People like to use the word “strategic” to describe whatever they’re doing. But what actually makes something strategic? And how does strategy inform marketing?
Mark Slezinger, marketing director at the International House of Prayer in Kansas City, joined the podcast to talk about the critical, high-level questions you need to ask before considering any type of tactical, execution-level questions
What Makes Something Strategic?
Strategy is about making decisions: what to do and what not to do. As it pertains to marketing, there are a set of questions that are critical in the nonprofit sphere.
These questions need to be answered prior to the tactical execution of the marketing initiative campaign:
- Who is our market
- Who are the people we serve?
- What do they value?
- How can we give them what they value as distinct from other options?
“All of that entails what you normally think of when you’re thinking of things like positioning,” Mark said, “or branding or segmentation or value exchange between two entities. And those are rightly called strategic in nature.”
Tactics, on the other hand, have to do with price points, distribution, and techniques for message distribution. Those are all key, but it’s a mistake to start with tactics before you know the answers to the strategic questions.
“If you get in a room with creative, smart people, there’s going to be an almost unlimited number of tactical possibilities in marketing,” Mark said.
For example, someone could say, “Hey, let’s do testimonials. Let’s release a bunch of testimonials through our main Facebook page and speak directly to somebody considering IHOPU as an option to go to school.”
That seems reasonable, right? Testimonials are helpful, and they tell the story of somebody who’s actually experienced what you might be looking for.
“In the past,” Mark admitted, “I would’ve said, ‘That’s a great idea. Let’s get a testimonial. Let’s put it on the Facebook page. Awesome.’ The problem was the results were very, very lackluster.”
The Process to Become a Strategic Marketer
I asked Mark, “What’s the process of becoming strategic in marketing?”
“Robust segmentation and then targeting exercises,” he said. Segment your market. Hone in on the most likely segments to derive value from your campaign. (That’s called targeting.) Craft a message with the next steps and target-specific offers. Then, consider your distribution channels.
“It’s definitely more tricky than just spray and pray,” Mark said, “but it is well, well worth it.”
Often, we want to release a piece of content or just — do something — because we don’t know what to do. That’s spray and pray, and it doesn’t work
Good marketers instead take a strategic approach that gives them a framework from which to make great decisions.
“Some of the fruit of that has been the feedback we get from the people we’re engaging with,” Mark said. “It’s like, ‘Hey, you’re speaking right to me. You’re talking about the things that I want to hear about. And what you put in front of me as a next step was super, super helpful for me.”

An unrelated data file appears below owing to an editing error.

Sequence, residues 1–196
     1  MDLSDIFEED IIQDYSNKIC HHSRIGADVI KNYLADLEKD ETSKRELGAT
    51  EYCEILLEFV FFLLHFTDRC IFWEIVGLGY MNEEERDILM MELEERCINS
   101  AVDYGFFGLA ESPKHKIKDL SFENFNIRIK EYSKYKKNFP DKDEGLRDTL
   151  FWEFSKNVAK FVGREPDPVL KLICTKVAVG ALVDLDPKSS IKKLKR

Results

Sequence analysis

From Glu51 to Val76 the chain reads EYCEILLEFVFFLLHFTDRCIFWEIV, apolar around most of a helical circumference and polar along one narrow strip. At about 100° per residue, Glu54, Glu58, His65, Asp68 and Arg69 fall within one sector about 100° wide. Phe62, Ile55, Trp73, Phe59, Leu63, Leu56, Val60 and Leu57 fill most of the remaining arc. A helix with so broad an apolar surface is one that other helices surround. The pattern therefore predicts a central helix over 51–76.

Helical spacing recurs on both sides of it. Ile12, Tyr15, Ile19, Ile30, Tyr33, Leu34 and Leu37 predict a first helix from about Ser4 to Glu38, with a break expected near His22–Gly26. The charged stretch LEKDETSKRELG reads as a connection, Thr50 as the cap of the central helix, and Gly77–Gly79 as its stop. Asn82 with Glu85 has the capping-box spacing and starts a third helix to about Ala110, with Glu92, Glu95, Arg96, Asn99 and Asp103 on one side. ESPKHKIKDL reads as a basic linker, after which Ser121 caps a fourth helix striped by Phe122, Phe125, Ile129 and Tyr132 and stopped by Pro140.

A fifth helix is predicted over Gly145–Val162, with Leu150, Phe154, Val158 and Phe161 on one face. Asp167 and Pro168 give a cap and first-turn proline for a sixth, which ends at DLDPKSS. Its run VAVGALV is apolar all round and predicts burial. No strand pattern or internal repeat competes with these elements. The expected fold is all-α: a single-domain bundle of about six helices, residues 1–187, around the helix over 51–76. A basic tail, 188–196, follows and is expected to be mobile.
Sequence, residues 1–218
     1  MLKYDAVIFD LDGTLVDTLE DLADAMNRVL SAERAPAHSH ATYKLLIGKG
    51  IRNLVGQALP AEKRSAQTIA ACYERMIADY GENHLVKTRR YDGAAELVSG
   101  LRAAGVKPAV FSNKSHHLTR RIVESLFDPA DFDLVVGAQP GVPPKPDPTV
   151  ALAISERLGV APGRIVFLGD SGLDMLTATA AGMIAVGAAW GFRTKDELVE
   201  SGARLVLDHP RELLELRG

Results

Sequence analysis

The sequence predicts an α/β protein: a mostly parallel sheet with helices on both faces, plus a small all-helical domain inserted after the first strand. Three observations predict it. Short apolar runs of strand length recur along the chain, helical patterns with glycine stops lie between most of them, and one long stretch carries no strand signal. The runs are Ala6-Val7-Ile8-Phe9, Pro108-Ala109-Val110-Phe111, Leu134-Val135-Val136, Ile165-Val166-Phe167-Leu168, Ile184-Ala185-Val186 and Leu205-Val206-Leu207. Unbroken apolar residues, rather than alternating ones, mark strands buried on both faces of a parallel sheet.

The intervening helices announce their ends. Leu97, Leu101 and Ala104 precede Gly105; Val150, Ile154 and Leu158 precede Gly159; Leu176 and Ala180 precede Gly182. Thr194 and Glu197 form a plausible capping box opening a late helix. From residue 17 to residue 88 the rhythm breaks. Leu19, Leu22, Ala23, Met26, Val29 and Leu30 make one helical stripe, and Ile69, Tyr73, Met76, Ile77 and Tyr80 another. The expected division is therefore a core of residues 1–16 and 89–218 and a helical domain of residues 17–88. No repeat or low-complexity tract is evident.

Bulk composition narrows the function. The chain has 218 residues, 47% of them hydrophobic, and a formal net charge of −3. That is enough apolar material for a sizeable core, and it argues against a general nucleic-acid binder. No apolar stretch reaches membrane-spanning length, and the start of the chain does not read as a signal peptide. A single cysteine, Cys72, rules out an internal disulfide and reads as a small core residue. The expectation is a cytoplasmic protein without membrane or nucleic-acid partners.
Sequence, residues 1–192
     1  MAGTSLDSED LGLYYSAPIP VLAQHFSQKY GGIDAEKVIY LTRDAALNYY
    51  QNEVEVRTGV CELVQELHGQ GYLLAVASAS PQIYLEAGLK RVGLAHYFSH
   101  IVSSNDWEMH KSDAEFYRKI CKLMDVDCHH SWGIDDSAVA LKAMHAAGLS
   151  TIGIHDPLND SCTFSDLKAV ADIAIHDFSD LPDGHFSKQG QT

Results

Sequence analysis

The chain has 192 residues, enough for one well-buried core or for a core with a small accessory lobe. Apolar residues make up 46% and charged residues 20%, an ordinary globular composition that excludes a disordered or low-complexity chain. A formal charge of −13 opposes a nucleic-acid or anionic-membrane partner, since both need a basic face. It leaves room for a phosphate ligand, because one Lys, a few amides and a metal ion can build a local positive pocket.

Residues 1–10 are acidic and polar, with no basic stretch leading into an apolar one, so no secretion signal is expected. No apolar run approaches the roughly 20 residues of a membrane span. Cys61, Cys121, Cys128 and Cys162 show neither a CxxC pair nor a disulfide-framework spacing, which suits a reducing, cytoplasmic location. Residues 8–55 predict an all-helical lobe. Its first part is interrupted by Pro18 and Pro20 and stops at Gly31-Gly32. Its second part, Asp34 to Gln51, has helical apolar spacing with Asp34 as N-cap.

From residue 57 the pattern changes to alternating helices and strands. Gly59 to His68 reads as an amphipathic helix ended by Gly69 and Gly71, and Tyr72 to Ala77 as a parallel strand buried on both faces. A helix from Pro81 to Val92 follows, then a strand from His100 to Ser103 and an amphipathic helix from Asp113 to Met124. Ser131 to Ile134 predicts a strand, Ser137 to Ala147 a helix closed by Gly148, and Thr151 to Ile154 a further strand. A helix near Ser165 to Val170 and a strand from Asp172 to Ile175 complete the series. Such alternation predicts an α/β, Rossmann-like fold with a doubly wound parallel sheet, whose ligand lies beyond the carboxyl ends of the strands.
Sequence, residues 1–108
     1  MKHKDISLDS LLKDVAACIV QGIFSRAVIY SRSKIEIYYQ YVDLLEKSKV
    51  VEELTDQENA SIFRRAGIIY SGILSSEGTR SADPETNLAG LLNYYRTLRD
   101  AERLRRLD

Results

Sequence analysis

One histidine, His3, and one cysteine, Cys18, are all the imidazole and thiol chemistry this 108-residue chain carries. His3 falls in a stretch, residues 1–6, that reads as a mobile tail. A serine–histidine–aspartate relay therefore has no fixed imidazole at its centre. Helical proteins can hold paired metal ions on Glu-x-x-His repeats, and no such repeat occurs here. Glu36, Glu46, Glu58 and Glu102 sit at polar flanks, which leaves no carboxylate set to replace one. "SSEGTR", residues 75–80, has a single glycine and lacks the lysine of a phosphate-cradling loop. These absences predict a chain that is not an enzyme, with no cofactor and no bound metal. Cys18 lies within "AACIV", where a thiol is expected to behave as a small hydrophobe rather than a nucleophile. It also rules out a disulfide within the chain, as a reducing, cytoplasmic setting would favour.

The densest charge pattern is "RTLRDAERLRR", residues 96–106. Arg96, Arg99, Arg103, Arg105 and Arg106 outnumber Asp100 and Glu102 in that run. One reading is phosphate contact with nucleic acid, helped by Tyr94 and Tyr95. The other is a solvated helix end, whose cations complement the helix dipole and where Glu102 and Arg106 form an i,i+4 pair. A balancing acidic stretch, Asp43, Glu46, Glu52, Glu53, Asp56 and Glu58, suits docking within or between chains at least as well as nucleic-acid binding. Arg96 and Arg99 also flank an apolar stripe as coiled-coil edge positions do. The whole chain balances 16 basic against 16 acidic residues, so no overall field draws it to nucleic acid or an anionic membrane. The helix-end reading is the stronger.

That flips on its head most marketer’s chief fear — that you’ll come across like a huckster or a pushy salesperson. By taking a strategic approach, you’re actually meeting people’s needs, and they’re deriving value from what you give them.
How a Strategic Process Results in Growth
“The most growth has been in our year-end conference in Kansas City,” Mark said. “We totally switched strategies, and we grew year over year, four years in a row.”
In addition to registration growth, the other primary result for IHOP was the growth in terms of ROI for ad spend on social. The organization regularly sees an ROI of 800% on ad spend. IHOP would shell out $3 or $4 per conversion and sell tickets for between $85 and $215.
And although IHOP doesn’t exist to make a profit, their conference is very expensive to put on, so to have a return on ad spend like that just meant they were able to pay for things and put on a great event for people and serve them well.
“A lot of people never get to be able to scale because they’re not understanding who they’re talking to,” Mark said. “They’re not putting the right messages in front of those people. They’re not leading them to the next step.”
Therefore, all their budget goes towards convincing people whom they don’t really have a good shot of convincing to do things that those people don’t want to do. That’s not the route to 800% ROI. That’s not strategy.
Mark’s Advice About Strategy for Nonprofit Leaders
Let’s say that you’re a non-profit with a very, very large budget. You could hire a market research firm, and they will charge you a lot. But you’ll get gold if they’re worth their salt as a firm.
They would mine your data and the market’s data to return excellent information to you about who your customers are, their preferences and profiles. That’s all valuable, but it’s not enough. You also need to know more about what those people internally value, their emotional preferences. A firm can struggle with finding that.
“What we would do is get a bunch of people who knew IHOP really well in a room,” Mark said. “We would literally brainstorm with all possible market segments using a process that I developed.”
Then, Mark and his team would augment their own brain dumps by asking their audience through social media if they were right on track. Then, he would work with a team of writers to develop a charter for a campaign.
It’s amazing what you learn about your audience just by asking them questions.